dereliction of duty and poor performance

Dereliction of duty and poor performance

Employers often face the situation where an employee fails to do his / her job properly. It is necessary, in such cases, to understand the difference between dereliction of duty and poor performance.

This distinction is important because dereliction of duty is a form of misconduct whereas poor performance is a form of incapacity. The appropriate process for the employer to follow depends on whether one is dealing with a case of misconduct or incapacity. As a result, if the issue is incorrectly categorized and treated as misconduct despite being an incapacity situation (or vice versa), any dismissal that ensues will be procedurally unfair and the employee may claim compensation.

The essential difference is that dereliction of duty involves a situation where the employee has the ability ro fulfil the task but fails to do so (i.e. won’t do) whereas poor performance ¬†involves a situation where the employee does not have the capacity to meet the required performance standard (i.e. can’t do).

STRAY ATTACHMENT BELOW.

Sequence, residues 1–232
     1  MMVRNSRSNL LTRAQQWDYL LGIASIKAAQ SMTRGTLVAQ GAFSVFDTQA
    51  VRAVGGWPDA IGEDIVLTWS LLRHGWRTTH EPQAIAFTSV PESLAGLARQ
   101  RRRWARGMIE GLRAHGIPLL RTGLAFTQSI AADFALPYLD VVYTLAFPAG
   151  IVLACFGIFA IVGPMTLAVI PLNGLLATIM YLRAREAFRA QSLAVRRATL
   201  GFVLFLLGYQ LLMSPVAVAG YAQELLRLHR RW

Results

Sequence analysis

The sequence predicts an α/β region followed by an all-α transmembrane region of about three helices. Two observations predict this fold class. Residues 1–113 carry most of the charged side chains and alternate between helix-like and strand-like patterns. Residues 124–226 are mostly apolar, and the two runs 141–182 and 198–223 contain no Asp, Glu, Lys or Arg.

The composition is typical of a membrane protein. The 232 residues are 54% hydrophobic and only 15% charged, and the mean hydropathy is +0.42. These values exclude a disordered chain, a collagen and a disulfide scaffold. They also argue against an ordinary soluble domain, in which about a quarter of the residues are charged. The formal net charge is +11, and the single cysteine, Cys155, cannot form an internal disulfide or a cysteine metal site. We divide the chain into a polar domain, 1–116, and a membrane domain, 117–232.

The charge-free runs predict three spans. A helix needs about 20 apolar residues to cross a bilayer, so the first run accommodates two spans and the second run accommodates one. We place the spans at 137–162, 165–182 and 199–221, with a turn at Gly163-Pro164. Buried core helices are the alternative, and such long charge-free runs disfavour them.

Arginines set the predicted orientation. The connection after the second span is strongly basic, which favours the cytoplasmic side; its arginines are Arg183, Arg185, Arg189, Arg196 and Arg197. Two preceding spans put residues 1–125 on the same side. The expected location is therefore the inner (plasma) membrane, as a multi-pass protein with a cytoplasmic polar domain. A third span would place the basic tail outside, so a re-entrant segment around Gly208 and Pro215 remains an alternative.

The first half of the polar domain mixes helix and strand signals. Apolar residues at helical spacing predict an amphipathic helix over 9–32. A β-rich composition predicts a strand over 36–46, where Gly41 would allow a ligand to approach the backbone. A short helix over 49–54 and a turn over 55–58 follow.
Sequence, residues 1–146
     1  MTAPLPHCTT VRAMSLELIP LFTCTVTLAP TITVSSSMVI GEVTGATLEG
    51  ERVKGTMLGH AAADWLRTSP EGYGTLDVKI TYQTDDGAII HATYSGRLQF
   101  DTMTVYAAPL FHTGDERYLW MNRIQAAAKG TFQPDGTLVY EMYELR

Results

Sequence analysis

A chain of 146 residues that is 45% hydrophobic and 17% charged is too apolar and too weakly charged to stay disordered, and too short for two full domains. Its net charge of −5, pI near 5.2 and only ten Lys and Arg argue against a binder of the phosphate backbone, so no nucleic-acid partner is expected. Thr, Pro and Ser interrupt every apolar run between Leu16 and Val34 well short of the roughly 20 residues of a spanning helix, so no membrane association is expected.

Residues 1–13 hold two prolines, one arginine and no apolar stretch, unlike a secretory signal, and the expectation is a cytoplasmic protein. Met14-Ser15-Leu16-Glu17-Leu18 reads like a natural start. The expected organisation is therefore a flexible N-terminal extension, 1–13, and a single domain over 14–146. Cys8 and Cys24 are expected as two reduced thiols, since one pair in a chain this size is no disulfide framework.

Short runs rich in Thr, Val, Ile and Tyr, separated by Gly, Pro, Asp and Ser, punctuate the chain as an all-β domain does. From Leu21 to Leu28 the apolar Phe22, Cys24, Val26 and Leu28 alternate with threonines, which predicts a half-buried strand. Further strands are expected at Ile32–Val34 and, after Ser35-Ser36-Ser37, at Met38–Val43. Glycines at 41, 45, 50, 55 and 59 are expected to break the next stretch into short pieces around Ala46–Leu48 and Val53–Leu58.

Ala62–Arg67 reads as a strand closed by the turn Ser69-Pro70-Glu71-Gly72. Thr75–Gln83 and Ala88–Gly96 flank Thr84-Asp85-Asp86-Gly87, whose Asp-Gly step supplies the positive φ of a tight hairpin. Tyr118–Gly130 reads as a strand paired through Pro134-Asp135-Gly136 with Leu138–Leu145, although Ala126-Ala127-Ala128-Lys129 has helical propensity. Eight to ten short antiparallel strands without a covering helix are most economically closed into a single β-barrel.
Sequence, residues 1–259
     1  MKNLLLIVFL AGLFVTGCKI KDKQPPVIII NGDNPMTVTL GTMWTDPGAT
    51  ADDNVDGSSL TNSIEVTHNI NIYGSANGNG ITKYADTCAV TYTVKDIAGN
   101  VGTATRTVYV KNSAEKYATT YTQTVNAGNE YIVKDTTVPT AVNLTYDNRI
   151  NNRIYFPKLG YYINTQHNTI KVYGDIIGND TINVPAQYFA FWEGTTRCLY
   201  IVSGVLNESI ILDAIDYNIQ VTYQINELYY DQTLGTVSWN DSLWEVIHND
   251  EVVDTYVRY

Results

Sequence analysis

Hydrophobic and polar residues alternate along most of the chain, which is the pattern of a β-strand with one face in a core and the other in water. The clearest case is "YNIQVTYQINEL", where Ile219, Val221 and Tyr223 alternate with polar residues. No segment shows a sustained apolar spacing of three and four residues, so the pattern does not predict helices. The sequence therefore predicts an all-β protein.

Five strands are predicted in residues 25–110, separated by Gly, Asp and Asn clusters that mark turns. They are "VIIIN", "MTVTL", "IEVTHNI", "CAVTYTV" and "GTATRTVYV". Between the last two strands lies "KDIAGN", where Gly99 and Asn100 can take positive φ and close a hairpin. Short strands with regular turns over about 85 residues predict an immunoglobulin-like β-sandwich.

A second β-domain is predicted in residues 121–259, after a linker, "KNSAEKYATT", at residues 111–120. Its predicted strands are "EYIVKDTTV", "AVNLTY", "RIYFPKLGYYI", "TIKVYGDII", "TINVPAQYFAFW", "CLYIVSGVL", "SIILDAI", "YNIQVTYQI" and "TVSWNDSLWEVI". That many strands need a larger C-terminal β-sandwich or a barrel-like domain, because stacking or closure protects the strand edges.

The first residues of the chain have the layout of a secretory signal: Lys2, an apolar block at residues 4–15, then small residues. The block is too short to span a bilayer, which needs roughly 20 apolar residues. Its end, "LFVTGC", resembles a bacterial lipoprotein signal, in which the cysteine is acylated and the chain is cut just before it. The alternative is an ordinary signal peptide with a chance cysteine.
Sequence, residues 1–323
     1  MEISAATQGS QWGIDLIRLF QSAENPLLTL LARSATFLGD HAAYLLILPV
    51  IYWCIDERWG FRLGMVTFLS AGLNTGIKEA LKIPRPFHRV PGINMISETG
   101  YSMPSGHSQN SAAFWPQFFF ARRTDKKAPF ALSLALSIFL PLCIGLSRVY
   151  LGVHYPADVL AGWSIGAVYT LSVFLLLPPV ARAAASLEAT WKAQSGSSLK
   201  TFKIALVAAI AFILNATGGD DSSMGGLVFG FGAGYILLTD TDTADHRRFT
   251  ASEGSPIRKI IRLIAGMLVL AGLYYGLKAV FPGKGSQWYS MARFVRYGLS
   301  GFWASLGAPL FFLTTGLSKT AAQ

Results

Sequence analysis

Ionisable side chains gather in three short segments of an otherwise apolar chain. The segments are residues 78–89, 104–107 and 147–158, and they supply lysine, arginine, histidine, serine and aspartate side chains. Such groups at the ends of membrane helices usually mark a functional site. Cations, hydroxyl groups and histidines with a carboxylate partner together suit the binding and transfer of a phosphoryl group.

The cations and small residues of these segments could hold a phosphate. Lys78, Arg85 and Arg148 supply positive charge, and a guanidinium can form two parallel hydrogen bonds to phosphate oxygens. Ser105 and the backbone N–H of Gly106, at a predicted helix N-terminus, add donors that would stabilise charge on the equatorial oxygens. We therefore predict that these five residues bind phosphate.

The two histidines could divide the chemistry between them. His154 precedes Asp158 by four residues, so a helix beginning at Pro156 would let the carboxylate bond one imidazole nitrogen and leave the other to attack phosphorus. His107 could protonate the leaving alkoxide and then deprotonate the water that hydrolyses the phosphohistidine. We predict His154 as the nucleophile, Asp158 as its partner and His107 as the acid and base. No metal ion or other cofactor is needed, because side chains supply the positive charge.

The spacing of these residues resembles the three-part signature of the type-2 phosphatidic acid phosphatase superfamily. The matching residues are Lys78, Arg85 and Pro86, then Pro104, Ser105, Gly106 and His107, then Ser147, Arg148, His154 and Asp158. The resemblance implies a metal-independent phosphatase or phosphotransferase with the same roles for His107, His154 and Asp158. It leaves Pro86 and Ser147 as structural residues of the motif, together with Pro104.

At a procedural level, in a dereliction of duty scenario, the appropriate route for the employer to follow is to convene a disciplinary hearimg. In a poor performance scenario, the procedural obligation on the emplpyer is far more onerous. It must, over a period of time, provide the employee with appropriate training, guidance, mentoring and feedback, and if the employee still can’t meet the performance standard, it must explore avenues short pf dismissal (such as placement in a suitable alternative position, of available) before resorting to dismissal.

The reason for dismissal also impacts on the employer’s rights post-dismissal. In a miscondcut dismissal scenario, if the employee refers an unfair dismissal claim to the CCMA, legal representation is prohibited unless am application for legal representation is made amd granted. In an incapacity scenario such as a poor performance case, legal representation is automatically allowed in the CCMA. This is another reason why it is crucial to distinguish between dereliction of duty and poor performance.¬†

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